Nomos Glashütte, situated in Glashütte, Saxony, specializes in artisan manual-winding and automatic mechanical watches. Susanne Günther created the initial collection’s designs, which were inspired by the Bauhaus pure aesthetic. The clean and modernist look of Nomos designs is well-known. Nomos Glashütte is a member of the Deutscher Werkbund, a forerunner of the Bauhaus movement and a trade association that supports firms that integrate handicraft and industrial manufacturing, as well as design and utility. CEO Uwe Ahrendt, a graduate engineer in charge of production; Judith Borowski, in charge of communications and design in Berlin; and Roland Schwertner, in charge of sales, make up the management team.
Since the 19th century, the underlying mechanism that drives a mechanical watch hasn’t altered much. Nomos, on the other hand, takes careful use of computer-controlled equipment to miniaturize the mechanism, resulting in extremely thin timepieces and light. While some Nomos watches are self-winding, the majority require manual winding. None of them are connected to anything other than the wearer’s wrist.
A Brief History of the Company
Roland Schwertner started Nomos in the 90s, which may seem like a long time ago, but it was 31 years ago. In reality, like its neighbors across the street, A. Lange & Söhne, the company was created just a few months after the fall of the Berlin Wall. Mr. Schwertner, who is 62 years old, is a serial entrepreneur and businessman who has worked in a variety of fields before founding Nomos. Schwertner’s collection of skills parallels Nomos’ — he worked as a photographer for Mode Magazine as well as an IT consultant – two seemingly disparate trades and skill sets found in the same man.
Schwertner set out to create a German watch brand, and he bought the rights to numerous now-defunct German brands, including Nomos – which was a German watchmaker in the early 1900s, and the name itself called to him – it is Greek for “law.” While the Tangente is most closely associated with Nomos, another Glashütte watchmaker impacted the case and dial design. While Nomos will not deny Lange’s effect on the Tangente, and Lange himself is ecstatic to have influenced such a treasured Tangente classic, this is a little-known fact.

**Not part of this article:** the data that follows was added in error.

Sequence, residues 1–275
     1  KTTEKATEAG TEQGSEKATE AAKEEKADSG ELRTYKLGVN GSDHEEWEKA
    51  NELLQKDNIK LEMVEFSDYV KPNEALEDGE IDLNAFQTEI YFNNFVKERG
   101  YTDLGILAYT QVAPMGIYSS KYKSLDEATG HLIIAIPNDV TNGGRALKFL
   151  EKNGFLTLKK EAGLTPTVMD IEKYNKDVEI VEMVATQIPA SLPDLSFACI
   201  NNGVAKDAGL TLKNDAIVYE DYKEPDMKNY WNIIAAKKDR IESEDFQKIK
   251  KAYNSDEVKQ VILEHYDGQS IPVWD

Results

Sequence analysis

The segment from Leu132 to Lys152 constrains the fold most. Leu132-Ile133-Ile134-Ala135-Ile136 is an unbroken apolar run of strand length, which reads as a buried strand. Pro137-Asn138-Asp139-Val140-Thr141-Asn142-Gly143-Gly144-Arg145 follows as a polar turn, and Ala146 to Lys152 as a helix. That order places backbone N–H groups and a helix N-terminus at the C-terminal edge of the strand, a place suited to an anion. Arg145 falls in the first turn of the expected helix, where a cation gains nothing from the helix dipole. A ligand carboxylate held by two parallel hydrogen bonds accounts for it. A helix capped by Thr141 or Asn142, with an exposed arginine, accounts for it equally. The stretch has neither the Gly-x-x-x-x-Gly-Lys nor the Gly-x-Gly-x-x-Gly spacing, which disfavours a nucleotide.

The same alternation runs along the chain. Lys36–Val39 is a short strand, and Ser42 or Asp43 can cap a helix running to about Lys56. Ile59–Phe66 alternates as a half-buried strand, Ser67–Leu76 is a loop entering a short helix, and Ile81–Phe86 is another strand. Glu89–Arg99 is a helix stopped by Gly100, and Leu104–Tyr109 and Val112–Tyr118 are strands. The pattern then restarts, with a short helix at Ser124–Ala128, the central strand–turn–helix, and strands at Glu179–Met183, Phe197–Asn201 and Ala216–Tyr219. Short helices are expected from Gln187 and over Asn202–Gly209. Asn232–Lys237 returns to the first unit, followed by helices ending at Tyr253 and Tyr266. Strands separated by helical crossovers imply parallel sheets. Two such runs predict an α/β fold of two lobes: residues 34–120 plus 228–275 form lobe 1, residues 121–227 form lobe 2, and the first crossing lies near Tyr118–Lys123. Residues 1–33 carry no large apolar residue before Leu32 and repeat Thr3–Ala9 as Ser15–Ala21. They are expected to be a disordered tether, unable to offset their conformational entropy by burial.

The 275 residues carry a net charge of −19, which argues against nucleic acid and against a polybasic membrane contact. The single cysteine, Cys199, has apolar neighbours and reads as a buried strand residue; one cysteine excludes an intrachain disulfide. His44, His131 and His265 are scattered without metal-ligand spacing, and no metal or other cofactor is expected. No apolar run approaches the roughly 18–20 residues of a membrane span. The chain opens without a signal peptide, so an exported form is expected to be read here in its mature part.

Although Nomos today predominantly offers in-house movements, this was not always the case. Nomos initially acquired the majority of its parts from Switzerland, and neighbors in Glashütte with greater resources chastised Schwertner for putting “Glashütte” on the dial when the majority of the components were not created locally. Nomos’ early ETA and Peseux movements were imported from Switzerland, then hand-adjusted and assembled in Germany, allowing the company to keep prices cheap while also establishing its reputation as a German watchmaker.
The Alpha caliber, as seen in the popular Tangente, is made in-house by Nomos, yet the design is pure Peseux 7001. Several in-house calibers that take a design from older calibers would no longer be as unique – but the Alpha-powered Tangente is still a fantastic watch.
Nomos Glashütte Development
All of the new at Work models have two things in common. First and foremost, they’re all 39mm in diameter, which is quite enormous for a Nomos watch. Second, they’re all Neomatik models with the DUW 3001 caliber, which is ultra-thin and automated. Until now, the Neomatik watches were all smaller, with sizes ranging from 35 to 36 millimeters. Most modern consumers desire something a little larger, and 39mm is a wonderful size for elegant watches that straddle the dress/everyday border because some people prefer them at that original size.
It’s worth mentioning that the DUW 3001 was created specifically with these smaller timepieces in mind. Consequently, there is greater room around the mechanism visible through the glass caseback of a 39mm watch, which manifests itself in the At Work models by having a larger bezel on the back. (The ETA 2892A2 is 25.6mm x 3.6mm, but the DUW 3301 is 12 34 lignes in diameter, or roughly 28.8 mm.)
Metro, Tangente, Orion, and Tetra are the four watch families. Each comes with a silvered dial, a dark blue Nachtblau dial, and a brand-new dial called “Silvercut” by Nomos, which is metallic and has a horizontal brushed surface.
The cost varies depending on the product. The Metro costs $4,180 with a silver dial and $4,280 with a Silvercut or Nachtblau dial; the Tangente costs $3,780 with a silver dial and $3,880 with a Silvercut or Nachtblau dial; the Tetra costs $3,860 with a silver dial and $3,980 with a Silvercut or Nachtblau dial; and the Orion costs $3,920 with a silver dial and $4,020 with a Weiss, Silvercut, or Nachtblau dial